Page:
You would have looked at the definition of gamification if you are responsible for implementing gamification in your enterprise systems. Chances are, more often than not, you would have come across a definition that reads like the one below:
Gamification is the use of game thinking and game mechanics in non-game contexts to engage users in solving problems. Gamification is used in applications and processes to improve user engagement, return on investment, data quality, timeliness, and learning.
As a person who will be implementing gamification, you will be required to give a 1-2 line pitch of what gamification is to people who may not know what it is. Now, you will have few choices to make:
- Use the above definition to explain what is gamification and then be prepared for questions & responses like “games”… “what games” “….oh you mean create games” and so on or even looks which convey “.. that went over my head” .. i don’t understand a word of what you just said…”.
- After your experiences with above definition, you will quickly fall back to using terms like ‘adding badges, levels, awards to systems’ . This will be a sure shot way to trivialize the impact of gamification even before you embark on the journey.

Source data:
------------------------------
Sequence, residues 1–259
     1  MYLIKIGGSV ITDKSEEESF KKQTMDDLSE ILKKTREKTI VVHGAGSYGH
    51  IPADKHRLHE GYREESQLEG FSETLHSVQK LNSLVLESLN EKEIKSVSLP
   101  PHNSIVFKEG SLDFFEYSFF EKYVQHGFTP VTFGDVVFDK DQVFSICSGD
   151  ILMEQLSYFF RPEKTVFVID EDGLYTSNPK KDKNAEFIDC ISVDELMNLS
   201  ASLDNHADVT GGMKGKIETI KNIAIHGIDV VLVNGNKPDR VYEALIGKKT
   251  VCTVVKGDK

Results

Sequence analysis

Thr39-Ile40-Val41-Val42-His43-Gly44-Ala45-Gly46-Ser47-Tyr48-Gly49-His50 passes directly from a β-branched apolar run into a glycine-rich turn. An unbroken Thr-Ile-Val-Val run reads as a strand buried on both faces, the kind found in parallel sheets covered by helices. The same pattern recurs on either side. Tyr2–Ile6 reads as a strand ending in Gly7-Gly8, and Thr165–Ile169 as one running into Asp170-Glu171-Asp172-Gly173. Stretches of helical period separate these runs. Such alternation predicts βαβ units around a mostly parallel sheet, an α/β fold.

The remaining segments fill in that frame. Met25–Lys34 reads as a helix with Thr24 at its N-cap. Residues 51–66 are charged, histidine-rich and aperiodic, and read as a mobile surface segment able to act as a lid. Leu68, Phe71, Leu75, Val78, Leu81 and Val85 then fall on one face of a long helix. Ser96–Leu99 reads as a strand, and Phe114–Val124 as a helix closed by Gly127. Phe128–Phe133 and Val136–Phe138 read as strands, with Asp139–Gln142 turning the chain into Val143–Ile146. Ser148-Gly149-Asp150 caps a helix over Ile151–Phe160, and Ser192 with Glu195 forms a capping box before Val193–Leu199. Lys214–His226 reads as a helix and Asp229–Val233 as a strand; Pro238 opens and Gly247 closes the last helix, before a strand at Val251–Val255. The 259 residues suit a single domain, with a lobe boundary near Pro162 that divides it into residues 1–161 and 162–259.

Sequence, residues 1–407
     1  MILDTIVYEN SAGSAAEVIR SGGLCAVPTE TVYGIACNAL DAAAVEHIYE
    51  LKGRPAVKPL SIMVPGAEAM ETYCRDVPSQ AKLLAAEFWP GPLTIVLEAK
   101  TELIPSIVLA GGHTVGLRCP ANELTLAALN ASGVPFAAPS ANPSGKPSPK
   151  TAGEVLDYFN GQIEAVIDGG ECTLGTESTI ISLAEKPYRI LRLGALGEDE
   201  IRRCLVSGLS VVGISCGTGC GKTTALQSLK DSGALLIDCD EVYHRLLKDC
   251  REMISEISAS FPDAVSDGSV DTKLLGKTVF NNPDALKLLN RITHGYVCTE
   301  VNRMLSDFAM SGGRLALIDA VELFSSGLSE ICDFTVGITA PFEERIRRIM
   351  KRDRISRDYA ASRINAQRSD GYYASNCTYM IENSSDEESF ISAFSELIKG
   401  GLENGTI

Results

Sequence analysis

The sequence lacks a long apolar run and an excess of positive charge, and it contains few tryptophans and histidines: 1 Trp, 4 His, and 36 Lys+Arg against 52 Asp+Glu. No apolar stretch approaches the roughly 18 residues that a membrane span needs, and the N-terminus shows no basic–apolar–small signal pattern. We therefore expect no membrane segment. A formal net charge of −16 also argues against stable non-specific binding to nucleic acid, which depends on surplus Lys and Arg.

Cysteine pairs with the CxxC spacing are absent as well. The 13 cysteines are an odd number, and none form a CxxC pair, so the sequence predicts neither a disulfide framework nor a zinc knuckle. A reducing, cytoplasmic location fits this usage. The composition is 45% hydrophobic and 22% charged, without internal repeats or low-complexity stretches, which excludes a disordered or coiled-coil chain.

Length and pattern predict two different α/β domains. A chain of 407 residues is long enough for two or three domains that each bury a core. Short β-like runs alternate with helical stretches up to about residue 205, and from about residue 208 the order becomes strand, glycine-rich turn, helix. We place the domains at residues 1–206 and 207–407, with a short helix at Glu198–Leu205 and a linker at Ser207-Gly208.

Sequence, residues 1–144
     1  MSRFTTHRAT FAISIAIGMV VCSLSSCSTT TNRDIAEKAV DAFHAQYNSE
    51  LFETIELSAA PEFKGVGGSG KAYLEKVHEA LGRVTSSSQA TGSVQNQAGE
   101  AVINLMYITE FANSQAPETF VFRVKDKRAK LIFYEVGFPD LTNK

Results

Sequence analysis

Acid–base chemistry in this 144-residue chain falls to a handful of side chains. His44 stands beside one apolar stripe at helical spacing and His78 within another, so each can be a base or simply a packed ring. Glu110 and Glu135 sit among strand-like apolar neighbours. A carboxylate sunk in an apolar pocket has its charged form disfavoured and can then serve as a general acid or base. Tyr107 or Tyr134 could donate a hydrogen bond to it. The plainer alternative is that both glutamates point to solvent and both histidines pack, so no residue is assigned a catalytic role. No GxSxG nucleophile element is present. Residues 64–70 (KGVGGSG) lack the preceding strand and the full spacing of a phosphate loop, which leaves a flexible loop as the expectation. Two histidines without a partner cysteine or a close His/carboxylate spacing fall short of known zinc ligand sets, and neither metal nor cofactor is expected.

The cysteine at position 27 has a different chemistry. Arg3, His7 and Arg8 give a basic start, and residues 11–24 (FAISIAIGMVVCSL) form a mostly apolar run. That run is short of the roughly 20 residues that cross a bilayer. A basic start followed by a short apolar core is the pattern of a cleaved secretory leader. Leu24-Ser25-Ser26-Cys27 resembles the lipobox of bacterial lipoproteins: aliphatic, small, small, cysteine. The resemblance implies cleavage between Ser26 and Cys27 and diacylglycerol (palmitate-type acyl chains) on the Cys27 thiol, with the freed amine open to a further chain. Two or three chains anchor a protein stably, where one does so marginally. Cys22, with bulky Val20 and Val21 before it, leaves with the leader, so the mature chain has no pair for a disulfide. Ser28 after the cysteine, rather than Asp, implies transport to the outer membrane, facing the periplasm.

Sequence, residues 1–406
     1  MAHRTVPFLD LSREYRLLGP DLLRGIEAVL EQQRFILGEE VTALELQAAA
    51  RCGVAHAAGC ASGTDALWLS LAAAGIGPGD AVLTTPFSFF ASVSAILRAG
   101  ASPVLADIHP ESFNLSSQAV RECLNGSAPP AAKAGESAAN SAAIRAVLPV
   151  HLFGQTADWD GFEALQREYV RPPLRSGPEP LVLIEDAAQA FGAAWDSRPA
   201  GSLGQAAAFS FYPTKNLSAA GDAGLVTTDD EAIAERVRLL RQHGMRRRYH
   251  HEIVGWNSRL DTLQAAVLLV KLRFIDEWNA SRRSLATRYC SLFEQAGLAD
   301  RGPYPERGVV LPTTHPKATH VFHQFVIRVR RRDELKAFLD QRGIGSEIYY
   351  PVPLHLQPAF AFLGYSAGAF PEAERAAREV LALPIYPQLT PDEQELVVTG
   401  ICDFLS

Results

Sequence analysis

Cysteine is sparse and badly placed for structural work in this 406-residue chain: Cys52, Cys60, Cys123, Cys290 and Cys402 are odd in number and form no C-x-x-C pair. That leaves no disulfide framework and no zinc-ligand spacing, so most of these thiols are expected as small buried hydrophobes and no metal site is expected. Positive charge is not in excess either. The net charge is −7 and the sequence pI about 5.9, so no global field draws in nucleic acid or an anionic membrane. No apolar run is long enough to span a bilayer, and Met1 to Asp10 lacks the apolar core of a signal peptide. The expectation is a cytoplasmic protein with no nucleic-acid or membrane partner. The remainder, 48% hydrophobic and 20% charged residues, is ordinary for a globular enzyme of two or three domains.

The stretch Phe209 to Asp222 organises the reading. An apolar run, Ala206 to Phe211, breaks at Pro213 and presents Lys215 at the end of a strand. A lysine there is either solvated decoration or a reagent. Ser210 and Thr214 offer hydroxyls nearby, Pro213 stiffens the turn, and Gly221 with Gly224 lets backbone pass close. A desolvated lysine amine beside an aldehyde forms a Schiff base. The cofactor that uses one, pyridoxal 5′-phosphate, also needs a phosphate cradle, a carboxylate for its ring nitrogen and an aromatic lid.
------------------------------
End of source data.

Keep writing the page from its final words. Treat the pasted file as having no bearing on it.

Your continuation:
The above definition may work or make sense to people implementing gamification in consumer facing applications, research scholars, academia but there is very little chance of the above getting traction in an enterprise context. The reality is that people either can’t understand the connection between terms like games (or terms like game-mechanics) to serious enterprise work or they will equate it to something trivial.
In case of enterprise gamification, the envelope containing the message is as important as the message itself. As they say, the first impressions/perceptions of many things can make or break initiatives. Your choice of definition on what gamification means is one of those.